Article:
The U.S. Department of State (DOS) has issued new guidance establishing a presumption of willful misrepresentation when a foreign national, within 90 days of entry into the United States, engages in conduct that violates the terms of his or her nonimmigrant status.
The individual will be presumed to have misrepresented his or her intent to comply with the terms of his or her visa when entering the country. This may lead to a determination of visa fraud, which is cause for a permanent ban from the United States.
Previously, the DOS applied what was called the “30/60-Day Rule,” which specified that inconsistent conduct within 30 days of entry trigged a presumption that the foreign national had misrepresented his or her intention upon entering the country. A foreign national’s conduct in violation of visa status after 30 days, but before 60 days after entry, would not trigger the presumption, but if the facts supported a “reasonable belief” that the foreign national had misrepresented his or her intentions, he or she would be given the opportunity to rebut that conclusion. Finally, a foreign national’s actions after 60 days would not trigger a presumption or “reasonable belief” of misrepresentation at time of entry.
The new rule applies the presumption of misrepresentation to acts inconsistent with a visa holder’s status within 90 days of entry. This can apply to the following actions:
- engaging in unauthorized employment while in a nonimmigrant status that does not allow it, such as B-1/B-2 visitor status;
- enrolling in a course of academic study, if study isn’t authorized for that visa status classification (e.g., B-1 temporary business visitor status);
- marrying a U.S. citizen or lawful permanent resident and taking up residence in the United States, while in a nonimmigrant status that does not allow immigrant intent; or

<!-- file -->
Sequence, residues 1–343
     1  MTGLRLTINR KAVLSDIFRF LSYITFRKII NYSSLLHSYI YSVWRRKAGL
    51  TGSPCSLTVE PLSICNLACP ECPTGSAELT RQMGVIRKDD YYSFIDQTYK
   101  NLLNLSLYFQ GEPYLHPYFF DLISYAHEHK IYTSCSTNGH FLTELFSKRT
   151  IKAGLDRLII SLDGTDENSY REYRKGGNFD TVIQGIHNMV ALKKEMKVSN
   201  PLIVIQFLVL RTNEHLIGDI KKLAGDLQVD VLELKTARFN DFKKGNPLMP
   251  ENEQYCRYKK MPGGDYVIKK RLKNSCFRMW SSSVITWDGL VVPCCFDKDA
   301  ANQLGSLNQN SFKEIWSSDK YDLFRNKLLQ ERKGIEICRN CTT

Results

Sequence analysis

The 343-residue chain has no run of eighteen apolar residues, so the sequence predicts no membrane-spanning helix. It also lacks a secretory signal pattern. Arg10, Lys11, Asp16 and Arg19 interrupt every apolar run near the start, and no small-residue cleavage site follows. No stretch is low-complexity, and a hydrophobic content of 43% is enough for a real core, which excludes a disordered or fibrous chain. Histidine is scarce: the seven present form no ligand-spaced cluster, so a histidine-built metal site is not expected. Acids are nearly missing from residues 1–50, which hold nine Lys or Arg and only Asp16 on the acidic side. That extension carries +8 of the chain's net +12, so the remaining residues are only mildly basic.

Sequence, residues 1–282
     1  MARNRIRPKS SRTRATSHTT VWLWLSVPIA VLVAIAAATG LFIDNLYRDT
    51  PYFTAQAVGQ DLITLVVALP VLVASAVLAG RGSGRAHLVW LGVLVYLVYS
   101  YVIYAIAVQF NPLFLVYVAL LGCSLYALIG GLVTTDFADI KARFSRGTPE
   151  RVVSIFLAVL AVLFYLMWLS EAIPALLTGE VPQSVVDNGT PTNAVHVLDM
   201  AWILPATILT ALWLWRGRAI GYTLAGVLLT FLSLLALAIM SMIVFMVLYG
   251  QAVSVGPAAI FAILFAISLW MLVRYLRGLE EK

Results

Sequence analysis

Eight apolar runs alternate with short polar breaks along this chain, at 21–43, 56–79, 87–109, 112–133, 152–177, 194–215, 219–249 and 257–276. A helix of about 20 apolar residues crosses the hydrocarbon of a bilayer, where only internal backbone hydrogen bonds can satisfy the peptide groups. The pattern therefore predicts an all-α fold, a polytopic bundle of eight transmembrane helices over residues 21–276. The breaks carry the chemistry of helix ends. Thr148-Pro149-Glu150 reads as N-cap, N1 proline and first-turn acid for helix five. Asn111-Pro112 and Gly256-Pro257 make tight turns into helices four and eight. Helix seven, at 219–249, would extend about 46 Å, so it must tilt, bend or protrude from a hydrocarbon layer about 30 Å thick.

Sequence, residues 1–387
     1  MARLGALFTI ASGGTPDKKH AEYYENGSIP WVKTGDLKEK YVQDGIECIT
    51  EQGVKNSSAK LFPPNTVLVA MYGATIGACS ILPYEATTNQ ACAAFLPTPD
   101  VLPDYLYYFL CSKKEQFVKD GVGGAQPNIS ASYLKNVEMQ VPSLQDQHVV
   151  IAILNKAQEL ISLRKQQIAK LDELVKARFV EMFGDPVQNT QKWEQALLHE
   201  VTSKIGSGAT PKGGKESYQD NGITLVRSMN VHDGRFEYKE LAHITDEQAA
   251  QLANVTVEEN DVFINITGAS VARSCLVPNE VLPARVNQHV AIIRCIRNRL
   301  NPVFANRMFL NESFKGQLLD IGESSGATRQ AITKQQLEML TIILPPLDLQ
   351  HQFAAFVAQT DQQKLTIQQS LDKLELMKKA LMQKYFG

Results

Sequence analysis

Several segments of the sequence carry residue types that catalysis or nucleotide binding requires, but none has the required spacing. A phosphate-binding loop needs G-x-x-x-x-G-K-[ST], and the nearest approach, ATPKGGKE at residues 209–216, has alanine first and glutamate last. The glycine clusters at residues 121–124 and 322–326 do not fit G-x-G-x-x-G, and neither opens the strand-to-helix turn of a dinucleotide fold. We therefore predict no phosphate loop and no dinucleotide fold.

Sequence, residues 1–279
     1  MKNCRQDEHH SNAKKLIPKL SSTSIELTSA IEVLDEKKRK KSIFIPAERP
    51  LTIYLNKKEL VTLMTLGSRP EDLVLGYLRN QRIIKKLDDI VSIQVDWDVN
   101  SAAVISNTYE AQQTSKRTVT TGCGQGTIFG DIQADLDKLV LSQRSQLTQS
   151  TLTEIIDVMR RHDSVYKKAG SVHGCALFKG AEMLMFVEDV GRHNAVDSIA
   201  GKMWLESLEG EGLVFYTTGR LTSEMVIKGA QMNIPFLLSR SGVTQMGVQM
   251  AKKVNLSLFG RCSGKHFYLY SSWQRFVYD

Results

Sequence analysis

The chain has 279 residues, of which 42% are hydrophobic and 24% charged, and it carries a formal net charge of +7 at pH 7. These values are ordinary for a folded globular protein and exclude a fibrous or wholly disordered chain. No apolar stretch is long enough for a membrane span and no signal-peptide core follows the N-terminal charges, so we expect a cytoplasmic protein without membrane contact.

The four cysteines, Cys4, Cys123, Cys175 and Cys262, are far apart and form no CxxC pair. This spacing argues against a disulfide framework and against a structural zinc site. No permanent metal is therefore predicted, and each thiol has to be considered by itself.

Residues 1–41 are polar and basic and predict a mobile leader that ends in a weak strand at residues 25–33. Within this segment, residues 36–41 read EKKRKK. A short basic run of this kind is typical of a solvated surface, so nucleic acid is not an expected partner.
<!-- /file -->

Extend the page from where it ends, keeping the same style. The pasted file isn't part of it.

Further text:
- engaging in any other activity for which a change of status to another appropriate nonimmigrant status or adjustment to lawful permanent residence would be required, without making that change or adjustment of status.
In addition, if the offending conduct occurs more than 90 days after entry, the consular officer may apply the “reasonable belief” standard if the facts warrant it. If the facts support a reasonable belief that the foreign national made a misrepresentation upon entry, the DOS officer is now instructed to request an advisory opinion from the DOS Advisory Opinions Division to determine whether the foreign national willfully misrepresented his or her intent on entry.
This new rule may have severe consequences for foreign nationals or employees whose plans change within 90 days of entry, and who would like to stay in the United States after entering on a visitor visa or visa waiver (for example). If, for example, a foreign national enters the country on a visitor visa and then gets married to a U.S. citizen within 90 days of entry, this will trigger the presumption that he or she made a willful misrepresentation upon entry about his or her intent to reside permanently in the country. In addition, even if the foreign national gets married after 90 days, if the consular officer considers that the facts suggest that a misrepresentation may still have been made, instead of providing the foreign national an opportunity to rebut this conclusion, the new guidance requires that a request for an official DOS advisory opinion be made.
This change in DOS policy arises in the context of a Trump administration directive dated March 6, 2017, ordering the DOS to enhance screening procedures. The Foreign Affairs Manual applies to the DOS, and therefore affects visas applications at embassies abroad, but it may also influence decisions made by U.S. Citizenship and Immigration Services (USCIS) in adjudicating green card and change-of-status applications within the United States. Though the USCIS Policy Manual has not yet been updated, the administration’s enhanced vetting policy appears to be extending to USCIS applications. If foreign nationals work or get married within 90 days of entry into the U.S. on visitor visas, for example, or perform other actions inconsistent with their status, these acts may trigger issues affecting applications to change or adjust status inside the United States, as well as visa applications abroad.
Employers should ensure that foreign national employees on nonimmigrant visas in the United States maintain compliance with their visa status at all times. Business travelers in temporary statuses that require nonimmigrant intent, such as B-1/B-2 visitor visas, visa waiver (ESTA), or TN, for example, should be aware that marriage to a U.S. citizen within 90 days of entry in such statuses is now considered evidence of willful misrepresentation of intent upon entering the United States and may trigger a finding of inadmissibility that can result in a ban from the United States.
Compliments of Ogletree Deakins, a member of the EACCNY